I woke up this morning (as I have each morning for the past week or so) wedged between my two kids in bed. Pete's in there too, barely hanging on to his piece of real estate.
Four across in a king – with two of us around six feet tall – the other two gaining fast.
Lupine refers to my position in this family squeeze chute as "Snuggle Jail".
With a kid on each side, snuggled in as close as can be.
My dad was that parent when I was small.
It was his side of the bed that my sister and I climbed in on when we woke scared in the darkness.
Where we knew open arms would greet us to chase away the shadows.
And now it's my turn.
When I wake up in Snuggle Jail I wake simultaneously grateful, sore, and cranky.
Grateful to have these people around me to hold so close. Grateful for the safety our family, our home, and our bed provides.
Sore because I haven't rolled over for hours and my back objects to this arrangement. Loudly.
And cranky because it's impossible to extract myself without waking everyone in the room and that means I don't have my quiet half-hour of writing and tea-drinking time in the morning.
Which I love.
And which I kind of need.
It's my anchor. My bookend. My start-up.
My one solo moment of the day.
I have three sweet people who love me, need me, and want to snuggle on me.
One of whom I've know since the tender pink-haired age of twenty-one; the others since they took in their first perfect breath of air and gazed up at me with their knowing eyes, right there in our living room.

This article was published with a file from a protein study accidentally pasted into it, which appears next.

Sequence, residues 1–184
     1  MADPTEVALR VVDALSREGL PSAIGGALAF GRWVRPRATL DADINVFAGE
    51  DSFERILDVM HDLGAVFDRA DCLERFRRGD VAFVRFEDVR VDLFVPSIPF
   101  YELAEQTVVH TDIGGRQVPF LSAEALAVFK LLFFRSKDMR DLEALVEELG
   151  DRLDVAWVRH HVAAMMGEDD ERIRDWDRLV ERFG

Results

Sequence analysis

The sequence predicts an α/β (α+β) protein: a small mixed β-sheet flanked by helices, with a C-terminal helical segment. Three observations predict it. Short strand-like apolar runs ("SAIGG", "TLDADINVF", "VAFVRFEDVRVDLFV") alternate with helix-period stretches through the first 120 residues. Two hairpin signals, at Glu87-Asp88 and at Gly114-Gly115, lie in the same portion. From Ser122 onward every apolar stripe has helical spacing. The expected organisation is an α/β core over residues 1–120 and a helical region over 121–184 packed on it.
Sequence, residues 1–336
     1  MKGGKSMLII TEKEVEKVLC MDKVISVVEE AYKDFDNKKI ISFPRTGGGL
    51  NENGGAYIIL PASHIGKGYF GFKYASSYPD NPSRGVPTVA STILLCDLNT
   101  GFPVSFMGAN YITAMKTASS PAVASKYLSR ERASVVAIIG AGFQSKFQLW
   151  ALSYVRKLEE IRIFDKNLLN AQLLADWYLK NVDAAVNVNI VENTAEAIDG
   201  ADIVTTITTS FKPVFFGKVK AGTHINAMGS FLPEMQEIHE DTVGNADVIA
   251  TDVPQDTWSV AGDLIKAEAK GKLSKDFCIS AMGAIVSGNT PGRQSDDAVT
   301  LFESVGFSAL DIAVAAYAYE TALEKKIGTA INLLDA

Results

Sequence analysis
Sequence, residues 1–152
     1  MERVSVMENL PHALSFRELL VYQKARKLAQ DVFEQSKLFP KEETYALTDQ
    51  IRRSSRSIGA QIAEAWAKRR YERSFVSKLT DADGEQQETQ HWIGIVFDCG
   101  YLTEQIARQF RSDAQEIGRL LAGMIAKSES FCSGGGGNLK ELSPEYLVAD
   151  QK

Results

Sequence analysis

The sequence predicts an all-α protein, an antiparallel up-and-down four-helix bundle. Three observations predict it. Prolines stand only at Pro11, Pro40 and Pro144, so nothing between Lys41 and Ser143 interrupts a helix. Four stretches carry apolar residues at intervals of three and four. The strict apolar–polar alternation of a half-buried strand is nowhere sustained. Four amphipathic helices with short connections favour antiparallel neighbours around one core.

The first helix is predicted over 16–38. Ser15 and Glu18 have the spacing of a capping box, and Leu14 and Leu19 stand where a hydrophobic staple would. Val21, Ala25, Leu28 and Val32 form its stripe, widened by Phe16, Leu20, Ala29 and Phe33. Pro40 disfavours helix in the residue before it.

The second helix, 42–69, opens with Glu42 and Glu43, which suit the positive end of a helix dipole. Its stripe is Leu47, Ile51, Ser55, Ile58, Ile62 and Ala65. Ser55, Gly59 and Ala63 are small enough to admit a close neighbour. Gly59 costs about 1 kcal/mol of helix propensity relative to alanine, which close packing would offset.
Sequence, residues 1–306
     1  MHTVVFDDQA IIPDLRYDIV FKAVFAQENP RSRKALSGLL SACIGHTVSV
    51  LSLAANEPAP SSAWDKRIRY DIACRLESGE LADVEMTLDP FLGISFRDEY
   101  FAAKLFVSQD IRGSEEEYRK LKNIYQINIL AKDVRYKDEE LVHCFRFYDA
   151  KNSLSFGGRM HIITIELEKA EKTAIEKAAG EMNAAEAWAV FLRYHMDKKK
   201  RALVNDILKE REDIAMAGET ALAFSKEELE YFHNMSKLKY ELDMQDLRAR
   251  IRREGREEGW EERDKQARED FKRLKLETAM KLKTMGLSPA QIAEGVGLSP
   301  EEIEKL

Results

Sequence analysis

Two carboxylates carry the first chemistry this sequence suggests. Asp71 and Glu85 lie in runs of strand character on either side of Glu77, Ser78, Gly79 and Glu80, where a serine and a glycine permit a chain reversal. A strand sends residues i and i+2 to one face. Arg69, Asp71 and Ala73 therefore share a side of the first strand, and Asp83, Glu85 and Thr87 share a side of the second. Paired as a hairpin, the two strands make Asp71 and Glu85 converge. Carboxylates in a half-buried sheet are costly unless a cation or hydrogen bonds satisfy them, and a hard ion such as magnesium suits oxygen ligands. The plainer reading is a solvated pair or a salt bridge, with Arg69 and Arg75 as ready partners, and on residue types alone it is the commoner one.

Life could be so much worse and I'm hard-pressed to think of many ways to make it better.
So let's reach for gratitude and get on with the rest.
It's a busy time over here.
We're learning a new rhythm of farm chores with the arrival of the cold.
We're reluctantly abandoning some of the projects on our to-do-list until next year. (Because, no, I can't plan these iris bulbs in frozen ground, and no, Pete won't be climbing on the roof to fix the chimney so we can put in a wood stove.)
We're taking long walks, looking for tracks in the woods, and then coming home to gather and homeschool around this old kitchen table.
We're taking it day-by-day.
Because it's the only way we know.
And even if we're out of milk and the chickens have hidden all of the eggs, we've got soup we can eat for breakfast.
And even if it's cold and windy out there today, we just stood together in silence and watched in awe as a coyote hunted a mouse down by the creek.
And even if I woke up wedged in Snuggle Jail I can't think of three people I'd rather be in this lovey-lock down with than these.
Yes. I'm shaking off the last of the negative and diving into all that is good.
Because really, it's more than I could ever hold in my hands.